In National Institutes of Health Federal Credit Union v. Butler, No. 2100, Sept. Term, 2014, unreported (Md.Ct.Spec.App. Dec. 3, 2015), the Court of Special Appeals held that the noteholder could bring an in personam action in Maryland on a promissory note which is secured by residential property in the District of Columbia.
On November 21, 2008 the National Institutes of Health Federal Credit Union made a loan in the amount of $338,632 to Gerald and Catherine Butler. The loan was secured by a deed of trust on their residence in the District of Columbia. Rather than filing a foreclosure action in the District of Columbia after the Butlers defaulted on the loan, the Credit Union filed an action against the Butlers in the Circuit Court for Montgomery County on the promissory note that the Butlers had signed. The circuit court dismissed the action on the grounds that it lacked subject matter jurisdiction. On appeal, the Court of Special Appeals reversed.
The Court of Special Appeals’ analysis was based on two points. First, the Court of Special Appeals determined that Maryland courts have jurisdiction over the promissory note because its owner, the Credit Union, is domiciled in Maryland. The Court of Special Appeals determined that such jurisdiction is not undermined by the fact that the note is secured by a deed of trust encumbering real property in the District of Columbia. Second, under neither Maryland law nor District of Columbia law are noteholders prohibited from suing their obligors to recover monetary damages. Therefore, the Court of Special Appeals held that the circuit court erred in granting the Butlers’ second motion to dismiss the Credit Union’s action for lack of subject matter jurisdiction.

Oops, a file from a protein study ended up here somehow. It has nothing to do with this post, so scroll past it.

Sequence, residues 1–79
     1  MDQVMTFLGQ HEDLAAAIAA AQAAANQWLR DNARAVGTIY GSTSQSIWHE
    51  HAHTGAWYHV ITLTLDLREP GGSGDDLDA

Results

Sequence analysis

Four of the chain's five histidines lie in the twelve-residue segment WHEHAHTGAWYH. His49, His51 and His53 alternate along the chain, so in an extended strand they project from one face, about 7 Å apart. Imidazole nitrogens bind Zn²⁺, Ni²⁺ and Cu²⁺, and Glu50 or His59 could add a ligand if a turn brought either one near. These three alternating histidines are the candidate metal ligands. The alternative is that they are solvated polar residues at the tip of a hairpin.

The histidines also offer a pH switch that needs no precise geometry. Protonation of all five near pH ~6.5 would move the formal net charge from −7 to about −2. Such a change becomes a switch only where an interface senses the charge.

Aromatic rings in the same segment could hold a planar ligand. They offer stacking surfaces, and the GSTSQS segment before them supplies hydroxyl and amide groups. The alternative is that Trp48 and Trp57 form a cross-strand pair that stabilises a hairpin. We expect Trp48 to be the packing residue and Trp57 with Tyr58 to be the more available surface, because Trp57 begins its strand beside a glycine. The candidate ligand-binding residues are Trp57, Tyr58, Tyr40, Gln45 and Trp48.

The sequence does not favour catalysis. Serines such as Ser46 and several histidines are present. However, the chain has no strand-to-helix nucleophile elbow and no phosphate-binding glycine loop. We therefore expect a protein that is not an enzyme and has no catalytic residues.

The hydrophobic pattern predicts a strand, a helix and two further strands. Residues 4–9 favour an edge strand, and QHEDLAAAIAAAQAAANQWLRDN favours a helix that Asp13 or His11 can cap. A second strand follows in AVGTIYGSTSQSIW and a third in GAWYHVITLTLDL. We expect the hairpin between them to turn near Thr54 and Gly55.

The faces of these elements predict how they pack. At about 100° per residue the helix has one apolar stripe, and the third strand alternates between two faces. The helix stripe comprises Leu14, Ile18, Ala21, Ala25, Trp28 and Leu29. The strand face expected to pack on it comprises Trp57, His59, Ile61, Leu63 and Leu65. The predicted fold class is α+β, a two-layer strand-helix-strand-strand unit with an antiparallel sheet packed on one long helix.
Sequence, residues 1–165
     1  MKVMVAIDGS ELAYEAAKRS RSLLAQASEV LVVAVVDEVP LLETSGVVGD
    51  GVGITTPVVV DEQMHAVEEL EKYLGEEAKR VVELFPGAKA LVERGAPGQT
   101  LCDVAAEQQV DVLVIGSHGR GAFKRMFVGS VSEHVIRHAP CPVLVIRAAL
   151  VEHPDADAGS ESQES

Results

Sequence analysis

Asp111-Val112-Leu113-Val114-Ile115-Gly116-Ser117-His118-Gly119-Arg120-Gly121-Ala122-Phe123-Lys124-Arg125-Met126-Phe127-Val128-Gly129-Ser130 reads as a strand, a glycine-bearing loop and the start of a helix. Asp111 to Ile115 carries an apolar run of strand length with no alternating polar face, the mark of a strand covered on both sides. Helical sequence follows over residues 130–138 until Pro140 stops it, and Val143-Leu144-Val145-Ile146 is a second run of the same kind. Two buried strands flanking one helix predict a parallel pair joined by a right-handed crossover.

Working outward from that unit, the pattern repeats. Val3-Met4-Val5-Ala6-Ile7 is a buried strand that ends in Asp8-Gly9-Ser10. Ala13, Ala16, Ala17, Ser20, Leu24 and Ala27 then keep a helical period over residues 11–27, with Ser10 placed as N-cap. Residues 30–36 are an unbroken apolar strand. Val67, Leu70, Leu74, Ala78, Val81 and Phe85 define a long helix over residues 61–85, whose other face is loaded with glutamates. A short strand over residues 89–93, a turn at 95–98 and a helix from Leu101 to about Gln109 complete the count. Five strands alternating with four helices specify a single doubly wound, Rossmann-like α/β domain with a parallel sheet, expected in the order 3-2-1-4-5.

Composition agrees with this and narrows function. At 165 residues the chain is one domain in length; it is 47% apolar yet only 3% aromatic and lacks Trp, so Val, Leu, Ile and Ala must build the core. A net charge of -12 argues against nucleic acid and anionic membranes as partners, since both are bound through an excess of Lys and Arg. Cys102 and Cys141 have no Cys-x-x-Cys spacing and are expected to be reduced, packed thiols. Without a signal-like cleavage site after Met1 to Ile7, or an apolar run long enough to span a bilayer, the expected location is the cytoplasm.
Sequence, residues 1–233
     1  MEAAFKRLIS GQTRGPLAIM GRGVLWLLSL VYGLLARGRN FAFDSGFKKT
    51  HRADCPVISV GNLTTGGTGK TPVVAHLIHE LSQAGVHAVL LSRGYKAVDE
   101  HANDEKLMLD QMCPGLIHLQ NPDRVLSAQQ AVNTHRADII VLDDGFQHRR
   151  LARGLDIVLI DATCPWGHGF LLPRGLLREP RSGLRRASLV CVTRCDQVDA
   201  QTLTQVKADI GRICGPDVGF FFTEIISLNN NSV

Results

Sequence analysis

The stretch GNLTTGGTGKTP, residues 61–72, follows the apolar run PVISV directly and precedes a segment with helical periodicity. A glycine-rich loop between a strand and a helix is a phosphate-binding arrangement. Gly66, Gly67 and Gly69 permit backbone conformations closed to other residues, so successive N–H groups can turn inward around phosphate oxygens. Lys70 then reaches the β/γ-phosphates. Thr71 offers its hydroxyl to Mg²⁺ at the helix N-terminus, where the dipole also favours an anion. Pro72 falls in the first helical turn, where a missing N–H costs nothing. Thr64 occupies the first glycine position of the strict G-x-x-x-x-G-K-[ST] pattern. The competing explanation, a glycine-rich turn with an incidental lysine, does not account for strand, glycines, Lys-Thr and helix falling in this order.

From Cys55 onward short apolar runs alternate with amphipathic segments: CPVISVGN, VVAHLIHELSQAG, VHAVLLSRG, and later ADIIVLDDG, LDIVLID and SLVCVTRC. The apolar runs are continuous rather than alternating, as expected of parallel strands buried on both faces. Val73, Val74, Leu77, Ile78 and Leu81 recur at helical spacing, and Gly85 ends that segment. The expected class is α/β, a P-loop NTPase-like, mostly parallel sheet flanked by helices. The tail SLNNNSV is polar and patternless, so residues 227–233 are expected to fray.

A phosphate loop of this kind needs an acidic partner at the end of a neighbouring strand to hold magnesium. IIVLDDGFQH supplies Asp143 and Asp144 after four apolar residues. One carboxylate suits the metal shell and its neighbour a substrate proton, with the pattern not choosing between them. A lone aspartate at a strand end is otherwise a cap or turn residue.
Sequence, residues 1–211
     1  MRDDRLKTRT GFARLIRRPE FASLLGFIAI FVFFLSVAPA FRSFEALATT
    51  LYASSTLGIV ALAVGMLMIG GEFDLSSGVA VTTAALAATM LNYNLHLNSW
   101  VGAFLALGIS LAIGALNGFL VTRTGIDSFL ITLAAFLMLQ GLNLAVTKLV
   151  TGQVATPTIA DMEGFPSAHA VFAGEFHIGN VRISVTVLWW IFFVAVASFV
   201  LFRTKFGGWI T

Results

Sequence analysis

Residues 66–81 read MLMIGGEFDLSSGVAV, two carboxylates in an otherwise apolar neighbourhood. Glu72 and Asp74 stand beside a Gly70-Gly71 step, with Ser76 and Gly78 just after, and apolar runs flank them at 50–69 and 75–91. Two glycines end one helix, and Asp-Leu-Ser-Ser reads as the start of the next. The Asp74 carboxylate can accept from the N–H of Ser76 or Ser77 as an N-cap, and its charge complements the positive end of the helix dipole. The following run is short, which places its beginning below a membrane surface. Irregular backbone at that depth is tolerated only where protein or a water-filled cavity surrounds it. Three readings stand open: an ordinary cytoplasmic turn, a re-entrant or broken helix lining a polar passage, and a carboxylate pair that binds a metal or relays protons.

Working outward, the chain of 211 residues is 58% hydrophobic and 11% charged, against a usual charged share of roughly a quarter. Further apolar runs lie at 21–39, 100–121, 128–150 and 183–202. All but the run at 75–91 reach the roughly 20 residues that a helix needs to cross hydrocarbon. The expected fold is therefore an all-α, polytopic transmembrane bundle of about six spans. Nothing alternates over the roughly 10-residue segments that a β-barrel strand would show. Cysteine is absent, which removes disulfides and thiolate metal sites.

For questions, please contact Ed Levin (410) 576-1900.